A Shabbat of Journeys

This coming Friday, the Jewish community will begin Shabbat (the Sabbath) by reflecting upon the wisdom from Lech Lecha (Genesis 12:1-17;27; 40:27-41:16) which describes how the Eternal Source of Love, Justice and Wisdom called to Abram and Sarai to leave their home and family to go forth on a journey to a place they did not know.

“Lech lecha” they were told, The Hebrew of this commandment is not fully clear, because it is grammatically unusual which is generally a clue to the early Rabbis that buried within this grammatical inconsistency was a deeper spiritual teaching. “Lech” means to go or walk while “lecha” means “to you” or “for you”. So this commandment can be understood as “go to you” or “go for you”.

In a sense this is the essence of all spiritual quests: the quest to journey toward meaning and purpose… to self-actualize… to fulfill the potential that was implanted within each of us… to become true to ourselves… to discover our voice and truth and to find ways of living it and sharing it with others.

This is the quest of a lifetime. And often, life’s events get in the way of our destiny. Meetings. Appointments. Distractions. Addictions… and so much more. The stories we tell ourselves about who we are supposed to be or what we are supposed to do. The stories others tell about us. The ways that Truth is so deeply hidden in this world, and the ways that our journeys are manipulated by others… the ways in which injustice impacts our ability to journey… the list goes on.

And so it is, that every year, this Torah portion reminds us to go forth… to journey… to venture into the unknown… even if it means leaving everything behind… everyone we know behind… there are times when this is part of our journey… and there are times when we find ways of bringing others with us…

The Torah tells us that this was the case with Abram and Sarai… and that along their journey to their destiny they met new people who joined them… and during their journeys they changed their name to Abraham and Sarah… The rabbis even suggest that they may have changed their gender as part of their journey to selfhood… and we are taught that they were the very first Jews. And indeed, while they struggled to have a child biologically (like many queer couples) they became the parents of the Jewish people. And so it is that, in discerning their path, their courage to be fully themselves and embrace their truth and live authentically was the start of a new religion that eventually grew into three religions: Judaism, Christianity and Islam.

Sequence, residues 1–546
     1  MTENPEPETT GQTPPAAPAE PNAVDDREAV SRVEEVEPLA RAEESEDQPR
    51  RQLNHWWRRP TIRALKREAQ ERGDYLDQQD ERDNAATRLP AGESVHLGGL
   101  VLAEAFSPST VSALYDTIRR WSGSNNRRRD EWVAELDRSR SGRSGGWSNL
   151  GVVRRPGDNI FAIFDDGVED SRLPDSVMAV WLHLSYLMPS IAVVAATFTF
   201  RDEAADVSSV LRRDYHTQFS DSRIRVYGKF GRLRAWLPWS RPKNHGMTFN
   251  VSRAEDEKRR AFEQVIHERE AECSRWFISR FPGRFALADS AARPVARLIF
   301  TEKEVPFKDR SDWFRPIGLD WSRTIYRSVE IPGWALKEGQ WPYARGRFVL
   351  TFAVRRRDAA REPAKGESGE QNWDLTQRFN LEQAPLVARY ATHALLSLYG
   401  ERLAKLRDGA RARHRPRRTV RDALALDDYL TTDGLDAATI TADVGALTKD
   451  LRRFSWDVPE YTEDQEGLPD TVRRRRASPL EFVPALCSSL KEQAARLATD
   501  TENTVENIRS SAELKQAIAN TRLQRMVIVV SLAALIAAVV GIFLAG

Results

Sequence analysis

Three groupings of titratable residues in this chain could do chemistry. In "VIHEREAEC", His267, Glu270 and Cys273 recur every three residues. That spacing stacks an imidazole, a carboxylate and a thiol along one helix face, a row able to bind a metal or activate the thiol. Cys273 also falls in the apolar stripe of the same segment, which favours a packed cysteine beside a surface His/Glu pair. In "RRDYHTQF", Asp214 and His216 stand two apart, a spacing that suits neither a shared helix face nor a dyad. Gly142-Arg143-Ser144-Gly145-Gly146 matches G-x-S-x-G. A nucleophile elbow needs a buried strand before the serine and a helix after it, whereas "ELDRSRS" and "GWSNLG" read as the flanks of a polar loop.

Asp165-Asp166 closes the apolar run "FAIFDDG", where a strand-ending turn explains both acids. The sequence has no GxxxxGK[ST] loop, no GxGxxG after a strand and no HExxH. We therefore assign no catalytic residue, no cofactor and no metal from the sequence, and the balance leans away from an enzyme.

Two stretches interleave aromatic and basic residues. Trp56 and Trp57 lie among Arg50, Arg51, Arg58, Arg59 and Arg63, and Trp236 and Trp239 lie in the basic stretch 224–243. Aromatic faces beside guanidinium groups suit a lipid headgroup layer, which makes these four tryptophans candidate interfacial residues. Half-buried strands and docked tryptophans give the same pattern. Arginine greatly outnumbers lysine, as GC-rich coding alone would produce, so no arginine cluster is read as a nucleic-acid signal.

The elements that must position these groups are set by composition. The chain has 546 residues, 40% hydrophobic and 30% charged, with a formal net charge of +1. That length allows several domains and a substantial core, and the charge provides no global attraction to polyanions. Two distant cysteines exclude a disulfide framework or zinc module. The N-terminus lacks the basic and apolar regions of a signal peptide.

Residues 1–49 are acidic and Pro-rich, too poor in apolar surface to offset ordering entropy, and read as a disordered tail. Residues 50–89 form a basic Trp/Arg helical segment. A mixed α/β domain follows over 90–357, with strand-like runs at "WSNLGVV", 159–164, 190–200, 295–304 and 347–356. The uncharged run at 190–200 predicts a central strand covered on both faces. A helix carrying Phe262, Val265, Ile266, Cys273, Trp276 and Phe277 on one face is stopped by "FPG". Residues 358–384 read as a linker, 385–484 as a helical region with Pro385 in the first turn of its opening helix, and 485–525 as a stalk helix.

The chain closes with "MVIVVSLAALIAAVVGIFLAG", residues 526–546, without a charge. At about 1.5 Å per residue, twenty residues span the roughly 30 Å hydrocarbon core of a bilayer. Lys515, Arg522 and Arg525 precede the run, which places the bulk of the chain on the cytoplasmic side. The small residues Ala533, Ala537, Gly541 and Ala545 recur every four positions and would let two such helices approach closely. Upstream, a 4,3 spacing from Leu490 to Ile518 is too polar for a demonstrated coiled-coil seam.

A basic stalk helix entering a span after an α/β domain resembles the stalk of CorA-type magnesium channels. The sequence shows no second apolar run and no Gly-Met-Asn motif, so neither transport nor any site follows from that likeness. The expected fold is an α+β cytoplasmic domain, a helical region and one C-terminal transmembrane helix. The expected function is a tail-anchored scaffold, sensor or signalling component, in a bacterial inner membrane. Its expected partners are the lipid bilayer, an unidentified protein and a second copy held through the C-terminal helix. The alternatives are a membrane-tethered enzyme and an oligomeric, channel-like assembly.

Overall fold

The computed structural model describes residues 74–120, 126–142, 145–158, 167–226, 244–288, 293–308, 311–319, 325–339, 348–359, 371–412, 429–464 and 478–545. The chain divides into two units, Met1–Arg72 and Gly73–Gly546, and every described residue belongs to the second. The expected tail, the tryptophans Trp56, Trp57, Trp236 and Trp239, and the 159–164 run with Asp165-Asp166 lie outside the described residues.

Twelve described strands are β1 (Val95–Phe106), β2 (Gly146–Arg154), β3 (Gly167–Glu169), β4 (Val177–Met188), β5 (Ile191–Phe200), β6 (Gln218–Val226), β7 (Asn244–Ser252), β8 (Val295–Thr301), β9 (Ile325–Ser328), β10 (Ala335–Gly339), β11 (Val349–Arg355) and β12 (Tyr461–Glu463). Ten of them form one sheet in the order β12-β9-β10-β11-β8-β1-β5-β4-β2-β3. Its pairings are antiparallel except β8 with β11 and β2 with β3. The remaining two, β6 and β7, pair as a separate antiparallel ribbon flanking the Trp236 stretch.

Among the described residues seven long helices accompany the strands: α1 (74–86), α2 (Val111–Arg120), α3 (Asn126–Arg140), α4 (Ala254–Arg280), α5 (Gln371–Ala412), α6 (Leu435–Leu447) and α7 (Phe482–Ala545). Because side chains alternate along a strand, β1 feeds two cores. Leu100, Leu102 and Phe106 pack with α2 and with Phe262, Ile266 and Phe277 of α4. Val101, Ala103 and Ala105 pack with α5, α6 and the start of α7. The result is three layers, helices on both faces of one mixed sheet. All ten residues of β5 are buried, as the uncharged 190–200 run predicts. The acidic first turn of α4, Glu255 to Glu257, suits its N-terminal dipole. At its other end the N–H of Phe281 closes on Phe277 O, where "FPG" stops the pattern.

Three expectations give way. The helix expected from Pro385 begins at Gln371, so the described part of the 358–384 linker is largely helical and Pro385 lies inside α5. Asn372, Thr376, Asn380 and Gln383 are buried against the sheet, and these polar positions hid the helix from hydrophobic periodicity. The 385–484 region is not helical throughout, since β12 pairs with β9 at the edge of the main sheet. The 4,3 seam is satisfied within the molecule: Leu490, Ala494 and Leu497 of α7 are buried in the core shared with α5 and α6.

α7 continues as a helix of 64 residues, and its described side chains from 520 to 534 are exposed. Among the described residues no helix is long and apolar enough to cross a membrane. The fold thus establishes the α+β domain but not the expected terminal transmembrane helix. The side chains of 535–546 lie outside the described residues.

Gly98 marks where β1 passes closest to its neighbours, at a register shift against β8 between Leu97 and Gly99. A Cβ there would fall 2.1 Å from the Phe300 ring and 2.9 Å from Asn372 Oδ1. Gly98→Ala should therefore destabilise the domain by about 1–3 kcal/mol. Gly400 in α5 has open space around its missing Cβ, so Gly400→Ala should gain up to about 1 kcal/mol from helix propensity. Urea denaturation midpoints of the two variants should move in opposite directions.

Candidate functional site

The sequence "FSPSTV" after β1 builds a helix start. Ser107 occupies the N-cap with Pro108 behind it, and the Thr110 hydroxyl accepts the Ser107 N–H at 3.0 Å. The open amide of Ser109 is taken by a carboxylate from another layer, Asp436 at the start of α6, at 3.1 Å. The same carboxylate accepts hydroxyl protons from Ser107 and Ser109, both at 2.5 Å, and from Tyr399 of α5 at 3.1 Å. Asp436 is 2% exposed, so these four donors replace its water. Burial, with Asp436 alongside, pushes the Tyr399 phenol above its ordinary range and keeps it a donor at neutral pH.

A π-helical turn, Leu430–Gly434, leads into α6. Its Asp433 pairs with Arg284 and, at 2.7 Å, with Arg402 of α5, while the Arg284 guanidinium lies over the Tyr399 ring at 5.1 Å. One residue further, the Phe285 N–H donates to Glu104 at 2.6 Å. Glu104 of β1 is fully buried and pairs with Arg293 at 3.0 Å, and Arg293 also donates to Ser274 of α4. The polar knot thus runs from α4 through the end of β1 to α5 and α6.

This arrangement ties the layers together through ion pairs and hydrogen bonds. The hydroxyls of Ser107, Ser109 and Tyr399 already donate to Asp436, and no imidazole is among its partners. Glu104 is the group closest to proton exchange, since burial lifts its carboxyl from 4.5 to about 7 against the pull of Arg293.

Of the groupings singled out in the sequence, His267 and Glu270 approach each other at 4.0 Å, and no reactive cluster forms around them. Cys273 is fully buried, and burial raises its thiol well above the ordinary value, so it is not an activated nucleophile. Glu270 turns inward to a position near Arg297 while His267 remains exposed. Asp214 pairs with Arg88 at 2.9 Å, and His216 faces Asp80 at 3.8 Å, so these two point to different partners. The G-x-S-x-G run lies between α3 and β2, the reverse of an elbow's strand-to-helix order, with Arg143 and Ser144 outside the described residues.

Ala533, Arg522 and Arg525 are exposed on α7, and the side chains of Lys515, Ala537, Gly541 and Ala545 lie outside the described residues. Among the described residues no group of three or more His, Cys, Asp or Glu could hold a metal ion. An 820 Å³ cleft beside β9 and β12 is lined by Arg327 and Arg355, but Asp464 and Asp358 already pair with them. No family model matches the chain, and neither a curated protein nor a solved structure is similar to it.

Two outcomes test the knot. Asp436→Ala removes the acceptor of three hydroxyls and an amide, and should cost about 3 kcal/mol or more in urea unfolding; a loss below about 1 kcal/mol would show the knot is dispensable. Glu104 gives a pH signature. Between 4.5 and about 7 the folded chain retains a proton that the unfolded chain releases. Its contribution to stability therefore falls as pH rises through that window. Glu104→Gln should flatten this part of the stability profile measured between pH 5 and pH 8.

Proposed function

We the children of Abraham have been tasked to continue this quest: “Lech lecha” – go forth and become who I created you to be… Be true to yourself. The call is different for each of us, because we were each created with our own unique purpose- our own unique understanding of G!d’s Torah/revelation/Wisdom. Perhaps that call manifests as Love and the ways in which the heart commands us… perhaps it is the call of Justice and the quest to fix that which is wrong… perhaps it is the call of Wisdom and the yearning to understand and make sense… Each of us are called in our own way- and we may call it conscience or obligation or gut feeling or any number of other words… but we know when we need to do something or not do something. The challenge is that more often than not, we don’t feel like we can or should. And when we try to stifle this Divine Call, that is when problems tend to begin.

Our Torah portion for this week reminds us that we are each called to authenticity and self-actualization every time we feel compelled by the Source of Love, Justice and Wisdom to do or be something that can lead to blessing. Life can sometimes distract us from this quest, and many will tell us to stop listening to voices or being deviant from the way everyone else lives.. but Judaism is about courage… it is about being true to ourselves and our understanding of what G!d wants for each of us.

According to Jewish tradition, every time a person joins the Jewish people, their Jewish name gets the addition of the parents Abraham and Sarah, their spiritual ancestors, who followed their understanding of the Call of the Source of Love, Justice and Wisdom to become who they were meant to become… The rabbis teach that all Jewish souls gathered at Mount Sinai to experience the revelation that we understand to be Torah/Wisdom- those born and unborn… and that this means also those who were not born Jewish but rather converted to Judaism. We recognize that all those who convert to Judaism are never to be seen as different in any way, their souls were always Jewish.

Increasingly, in our generation, we are witnessing another phenomenon as well- a third way of becoming Jewish… those whose ancestors were Jewish, but because of antisemitism, they hid their true selves, often converting or trying to erase their Jewishness when they escaped persecution and arrived in North America, where they had hoped for religious freedom, but instead, too often encountered the same hatred and religious colonialism that they sought to flee. And so it is that more and more, we are also blessed to witness the return of those descendants of those who hid their true selves, in order to try and stay alive. We pray that our world will be safe and hospitable to all those who recognize that they must leave what they know in order to become who they were created to be.

Tomorrow night, the Reform Jewish Community of Atlantic Canada will be welcoming/welcoming back to our family four wonderful people as we name them with Jewish names, bless them and be inspired by them to reconnect to the ways that each of us are called to become who we were created to be. We welcome all who wish to celebrate Shabbat with us by joining us for virtual worship services tomorrow night, November 4th at 6PM Atlantic (5PM Eastern/6:30 PM NFLD).

Please register for the Zoom link: https://urj.tfaforms.net/939